Dark Spots on the Skin: Causes and How to Treat Them

Dark spots on the skin, or hyperpigmentation, occurs when some areas of the skin produce more melanin than usual. Melanin gives the eyes, skin, and hair their color. Dark spots on the skin are not a cause for concern and do not need treatment, though people may choose to remove them for cosmetic reasons. Depending on the purpose, people may call some types of dark spots on the skin or sunspots.

Dark spots on the skin can range from light brown to dark brown. The color of dark spots may depend on the tone of a person’s skin. The spots are the same texture as the skin and are not painful. Dark spots also vary in size and can develop on any part of the body but are most common in areas often exposed in the sun.

Dark spots are common in the following areas:

  • Back of the hands
  • Face
  • Back
  • Shoulders

In people with darker skin, a spot that is a few shades darker than the skin usually fades away within 6 to 12 months. Deeper coloration can take years to fade. Profound color changes often appear blue or gray, though a spot may also be a much darker brown than a person’s natural skin color.

There are several causes of skin discoloration and dark spots, including sun damage, hormonal changes, side effects of certain medications, diabetes, and irritation.

Sun damage

Also known as sunspots, solar lentigines, or live spot, people can develop dark spots on their skin after being exposed to the sun or tannings beds. Areas of the body that receive the most sun exposure, such as the face, hands, or arms are most likely to develop sun spots.

Hormonal changes

Melasma is a skin condition that leads to small patches of skin discoloration. The condition is common in women, especially during pregnancy. According to the American Academy of Dermatology, hormones may trigger melasma.

Side effects of medication

Certain medications can increase skin pigmentation and lead to dark spots. The most common culprits are non-steroidal anti-inflammatory drugs (NSAIDs), tetracyclines, and psychotropic drugs. Some of the commonly prescribed NSAIDs include Celebrex, Zipsor, and Naprosyn. Tetracyclines are widely used broad-spectrum antibiotics, while psychotropic medications such as Wellbutrin, Celexa, Prozac, Zoloft, Xanax, Ambien Seroquel, and Risperdal are also commonly prescribed.

Inflammation, Irritation & Wound healing

Dark spots can develop after a bout of inflammation on the skin. Inflammation can occur for many various reasons that include eczema, psoriasis, injury to the skin, and acne. Additionally, dark spots may remain after insect bites, burns, or as cuts heal. These may fade with time. Cosmetic skin or hair products can often irritate the skin, causes dark patches to form.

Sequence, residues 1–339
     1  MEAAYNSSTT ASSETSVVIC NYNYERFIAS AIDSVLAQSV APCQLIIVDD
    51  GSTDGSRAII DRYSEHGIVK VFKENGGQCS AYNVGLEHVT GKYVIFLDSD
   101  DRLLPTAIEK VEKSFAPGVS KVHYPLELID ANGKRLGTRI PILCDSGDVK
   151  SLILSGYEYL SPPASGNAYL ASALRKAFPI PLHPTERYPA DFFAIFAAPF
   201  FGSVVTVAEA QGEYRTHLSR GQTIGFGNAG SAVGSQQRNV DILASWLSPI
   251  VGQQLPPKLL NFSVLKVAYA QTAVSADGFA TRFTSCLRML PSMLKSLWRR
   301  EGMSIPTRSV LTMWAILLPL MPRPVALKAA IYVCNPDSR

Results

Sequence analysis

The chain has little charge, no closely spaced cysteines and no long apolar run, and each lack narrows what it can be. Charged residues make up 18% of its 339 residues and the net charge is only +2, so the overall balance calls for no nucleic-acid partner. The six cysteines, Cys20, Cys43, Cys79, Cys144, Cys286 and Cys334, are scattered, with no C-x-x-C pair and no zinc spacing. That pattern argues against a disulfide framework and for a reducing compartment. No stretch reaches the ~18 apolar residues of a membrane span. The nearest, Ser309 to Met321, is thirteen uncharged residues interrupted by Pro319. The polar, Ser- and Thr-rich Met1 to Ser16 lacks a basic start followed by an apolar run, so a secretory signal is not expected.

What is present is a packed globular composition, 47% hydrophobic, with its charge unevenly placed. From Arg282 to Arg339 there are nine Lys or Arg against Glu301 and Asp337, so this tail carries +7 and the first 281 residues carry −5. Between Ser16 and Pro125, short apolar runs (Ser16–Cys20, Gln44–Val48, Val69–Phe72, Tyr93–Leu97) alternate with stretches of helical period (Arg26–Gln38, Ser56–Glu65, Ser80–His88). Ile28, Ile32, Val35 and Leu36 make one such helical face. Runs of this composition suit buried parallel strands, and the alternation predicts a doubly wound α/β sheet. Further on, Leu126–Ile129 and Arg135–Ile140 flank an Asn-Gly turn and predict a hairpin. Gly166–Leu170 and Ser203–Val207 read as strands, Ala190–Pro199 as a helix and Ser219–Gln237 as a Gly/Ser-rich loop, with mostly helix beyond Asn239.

Diabetes

Diabetes is another common cause of areas of the skin to become darker. Conditions associated with diabetes include acanthosis nigricans, which causes darkened, velvety skin, and shin spots or diabetic dermopathy, which people may confuse with age spots.

Treatment Options

Dark spots on the skin do not usually require treatment, but some people may want to remove the spots for cosmetic reasons. A dermatologist can offer creams or procedures to lighten dark spots, or in some cases, remove them. Procedures are more expensive than creams and are more likely to cause additional side effects, though they tend to work faster.

The best treatment option may depend on the cause, the size of the dark spot and the area inflicted. It’s always recommended to speak with a dermatologist and ask their opinion on professional treatments such as laser treatments, microdermabrasion, chemical peels, cryotherapy, or prescription lightening cream.

There are also home remedies that many people find dark fade spots on the skin such as over-the-counter creams & serums. These creams and serums help to exfoliate the skin and promote new skin growth. Products with certain natural ingredients may help treat dark spots on the skin. Researchers published a systematic review of clinical studies that used natural products to treat dark spots on the skin. They looked at several ingredients including niacinamide (a form of vitamin B-3), soy, licorice extracts, and mulberry.

Although studies were limited, the researchers said that these natural treatments showed promise in lightening hyperpigmentation.

If you’re concern about a dark spot, always contact your primary care physician to discuss if a referral is necessary. It’s important to talk to your doctor if any dark spot on the skin appears suddenly, itches, tringles, bleeds, or changes color or size.

It may not always be possible to prevent dark spots on the skin from developing, but there are several things people can do to help decrease the changes of dark spots and prevent them from getting darker:

Use sunscreen with an SPF of at least 30 every day, even when the sun is not bright.

Wear a wide-brimmed hat and sunglasses to protect the skin further.

Treat skin conditions, such as acne, which may lead to inflammation.

Avoid the sun between 10 am and 4 pm when it tends to be the strongest.

Dark spots on the skin, or hyperpigmentation, can have a range of causes. They are usually harmless and do not need treatment. If a person wants to get rid of dark spots, they can try a variety of treatments, including working with a dermatologist for cosmetic procedures or using over-the-counter products. The effectiveness of these treatments may depend on the cause of the dark spots and their extent.